(D) Finally, the audit also reported a finding where the County Mayor instructed the Finance Department to transfer money ($89,986) from the General Fund to the General Capital Projects Fund and to transfer money ($274,730) from the General Debt Fund to the General Capital Projects Fund without the required approval of county commission.
County commission not only never approved the transfers, but county commission apparently wasn't even told that the transfers were being made or that payments totalling $360,000 had been made in error for years.
In response to this finding, the Mayor told the auditors that he talked with the trustee and finance director (but not county commission) and then instructed his Finance Department to make the transfers to "restore" the accounts to what county commission had actually approved "over the years." It turns out that these wrong payments totalling over $360,000 included spending errors going all the way back to June 15, 1999 and continuing up to June 9, 2004.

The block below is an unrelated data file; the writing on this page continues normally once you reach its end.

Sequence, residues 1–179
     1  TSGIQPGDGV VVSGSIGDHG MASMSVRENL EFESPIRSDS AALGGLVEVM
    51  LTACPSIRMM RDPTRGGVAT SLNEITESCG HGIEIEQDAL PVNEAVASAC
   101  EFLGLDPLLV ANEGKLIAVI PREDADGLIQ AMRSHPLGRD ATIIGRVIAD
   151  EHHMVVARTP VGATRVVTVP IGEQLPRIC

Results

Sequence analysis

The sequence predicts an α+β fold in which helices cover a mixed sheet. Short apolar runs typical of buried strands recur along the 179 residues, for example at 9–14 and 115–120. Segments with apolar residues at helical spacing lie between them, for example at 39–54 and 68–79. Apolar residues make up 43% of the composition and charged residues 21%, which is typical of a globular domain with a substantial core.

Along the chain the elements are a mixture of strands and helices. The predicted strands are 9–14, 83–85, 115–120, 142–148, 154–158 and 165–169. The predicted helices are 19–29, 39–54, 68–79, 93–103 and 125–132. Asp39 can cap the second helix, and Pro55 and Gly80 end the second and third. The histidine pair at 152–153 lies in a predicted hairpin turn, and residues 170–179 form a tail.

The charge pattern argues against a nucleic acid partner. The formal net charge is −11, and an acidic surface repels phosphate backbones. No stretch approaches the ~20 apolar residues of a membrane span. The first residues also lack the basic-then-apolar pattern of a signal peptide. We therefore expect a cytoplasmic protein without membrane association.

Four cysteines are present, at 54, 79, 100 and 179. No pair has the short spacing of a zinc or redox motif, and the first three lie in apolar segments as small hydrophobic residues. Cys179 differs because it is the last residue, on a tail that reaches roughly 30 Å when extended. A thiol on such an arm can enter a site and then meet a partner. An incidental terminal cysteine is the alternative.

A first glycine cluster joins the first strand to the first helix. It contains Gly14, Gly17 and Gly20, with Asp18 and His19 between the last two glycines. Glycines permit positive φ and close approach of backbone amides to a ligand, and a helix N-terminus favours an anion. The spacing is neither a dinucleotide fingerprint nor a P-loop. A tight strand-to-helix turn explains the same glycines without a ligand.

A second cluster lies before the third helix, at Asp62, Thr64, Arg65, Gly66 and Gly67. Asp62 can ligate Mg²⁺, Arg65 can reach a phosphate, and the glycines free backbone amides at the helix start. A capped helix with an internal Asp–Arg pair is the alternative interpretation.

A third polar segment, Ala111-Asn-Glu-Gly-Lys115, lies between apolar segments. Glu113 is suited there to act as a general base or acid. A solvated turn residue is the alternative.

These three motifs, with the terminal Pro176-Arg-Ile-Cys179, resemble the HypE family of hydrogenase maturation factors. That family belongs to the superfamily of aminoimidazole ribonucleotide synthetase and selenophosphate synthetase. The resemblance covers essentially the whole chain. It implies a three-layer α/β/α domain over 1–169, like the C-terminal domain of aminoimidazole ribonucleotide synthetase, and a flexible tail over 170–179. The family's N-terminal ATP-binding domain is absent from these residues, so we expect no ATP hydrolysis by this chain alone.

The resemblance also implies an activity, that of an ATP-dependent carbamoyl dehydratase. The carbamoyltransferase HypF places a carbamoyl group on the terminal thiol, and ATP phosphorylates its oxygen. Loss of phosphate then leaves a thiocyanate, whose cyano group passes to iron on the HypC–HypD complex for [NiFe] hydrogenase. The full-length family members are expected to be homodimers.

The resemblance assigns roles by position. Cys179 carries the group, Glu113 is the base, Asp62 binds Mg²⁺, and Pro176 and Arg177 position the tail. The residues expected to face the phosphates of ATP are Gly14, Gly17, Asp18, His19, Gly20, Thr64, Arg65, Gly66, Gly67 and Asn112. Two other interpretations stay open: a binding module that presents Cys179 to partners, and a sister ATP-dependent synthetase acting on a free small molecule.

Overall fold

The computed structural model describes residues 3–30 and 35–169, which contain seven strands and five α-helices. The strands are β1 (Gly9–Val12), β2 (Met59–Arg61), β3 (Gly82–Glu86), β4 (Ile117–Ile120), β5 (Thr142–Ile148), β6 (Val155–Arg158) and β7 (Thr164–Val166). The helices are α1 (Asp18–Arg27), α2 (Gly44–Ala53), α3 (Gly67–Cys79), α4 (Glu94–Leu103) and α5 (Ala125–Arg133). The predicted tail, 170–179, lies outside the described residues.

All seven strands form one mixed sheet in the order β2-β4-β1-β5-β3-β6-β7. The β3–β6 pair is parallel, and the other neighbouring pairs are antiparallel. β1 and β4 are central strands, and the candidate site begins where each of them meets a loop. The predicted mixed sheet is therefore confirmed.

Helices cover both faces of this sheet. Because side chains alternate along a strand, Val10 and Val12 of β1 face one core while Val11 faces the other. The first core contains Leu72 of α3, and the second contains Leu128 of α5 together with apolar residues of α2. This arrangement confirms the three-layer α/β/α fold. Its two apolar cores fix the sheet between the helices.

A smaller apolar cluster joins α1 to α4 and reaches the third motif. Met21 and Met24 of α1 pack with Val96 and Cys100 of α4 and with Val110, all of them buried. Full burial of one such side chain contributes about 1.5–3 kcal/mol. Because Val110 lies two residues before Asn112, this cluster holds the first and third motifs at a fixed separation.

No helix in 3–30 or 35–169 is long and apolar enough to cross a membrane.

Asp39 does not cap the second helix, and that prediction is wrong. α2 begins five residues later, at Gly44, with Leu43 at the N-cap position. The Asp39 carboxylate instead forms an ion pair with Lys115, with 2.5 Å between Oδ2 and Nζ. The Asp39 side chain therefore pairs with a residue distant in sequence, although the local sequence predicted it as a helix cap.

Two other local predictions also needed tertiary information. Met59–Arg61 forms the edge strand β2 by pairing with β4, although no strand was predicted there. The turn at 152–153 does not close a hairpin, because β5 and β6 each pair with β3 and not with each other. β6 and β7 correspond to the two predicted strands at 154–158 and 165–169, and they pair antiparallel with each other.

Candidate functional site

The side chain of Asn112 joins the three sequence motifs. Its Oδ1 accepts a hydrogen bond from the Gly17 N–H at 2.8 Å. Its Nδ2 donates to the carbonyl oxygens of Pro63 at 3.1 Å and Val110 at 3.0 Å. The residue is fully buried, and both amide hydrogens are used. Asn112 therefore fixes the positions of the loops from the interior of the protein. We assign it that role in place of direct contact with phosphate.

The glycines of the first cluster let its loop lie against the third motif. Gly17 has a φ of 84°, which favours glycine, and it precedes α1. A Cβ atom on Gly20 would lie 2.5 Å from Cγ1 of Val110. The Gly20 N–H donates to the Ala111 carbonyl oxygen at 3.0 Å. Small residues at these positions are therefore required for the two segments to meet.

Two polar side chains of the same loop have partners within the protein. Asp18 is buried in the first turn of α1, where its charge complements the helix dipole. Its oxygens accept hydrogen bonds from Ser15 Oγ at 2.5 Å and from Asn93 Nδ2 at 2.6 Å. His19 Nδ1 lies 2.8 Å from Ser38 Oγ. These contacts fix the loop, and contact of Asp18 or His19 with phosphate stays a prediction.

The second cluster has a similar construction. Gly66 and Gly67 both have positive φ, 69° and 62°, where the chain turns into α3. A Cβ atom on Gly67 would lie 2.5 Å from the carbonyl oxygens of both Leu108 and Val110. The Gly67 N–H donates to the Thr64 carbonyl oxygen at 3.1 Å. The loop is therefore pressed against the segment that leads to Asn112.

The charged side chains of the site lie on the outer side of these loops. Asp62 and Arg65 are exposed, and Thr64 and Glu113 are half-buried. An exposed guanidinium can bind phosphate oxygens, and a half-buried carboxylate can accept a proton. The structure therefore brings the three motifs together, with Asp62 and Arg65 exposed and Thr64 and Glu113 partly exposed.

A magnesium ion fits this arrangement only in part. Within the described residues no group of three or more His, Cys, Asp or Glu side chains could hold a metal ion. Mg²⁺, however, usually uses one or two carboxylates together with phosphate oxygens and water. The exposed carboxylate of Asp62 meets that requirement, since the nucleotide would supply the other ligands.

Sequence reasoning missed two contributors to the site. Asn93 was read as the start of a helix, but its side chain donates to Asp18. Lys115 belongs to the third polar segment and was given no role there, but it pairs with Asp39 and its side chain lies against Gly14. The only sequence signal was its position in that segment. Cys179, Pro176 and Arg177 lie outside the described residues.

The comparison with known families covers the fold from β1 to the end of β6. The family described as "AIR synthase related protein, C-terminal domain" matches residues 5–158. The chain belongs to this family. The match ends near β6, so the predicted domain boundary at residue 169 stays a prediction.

It looks like the Capital Projects Fund was being used for over five years to pay for things that should have been paid out of the County's General Fund or the County's Debt Fund. In 2004, the Mayor talks with two county officials (but not to county commissioners) and instructs them to switch everything back around.
Why such secrecy--to the point that county commissioners didn't even know that $360,000 had been moved around until they read about it in the audit? Why did no one explain to county commission what had happened and then ask for the required approval to make the transfers?
That's just from one posting. Part One of her report is here. The uninformed voters of the county and the misinformed can expect to see the old reliable behind-closed-doors method of government return. I doubt 15% of registered voters will bother to participate in this upcoming election - that would be just about double the amount of city voters in Morristown who turned out for the last city election.
If the community has abandoned all hope of having their voices heard, then that is exactly what will happen - a community which sees no choice, no help and no representation.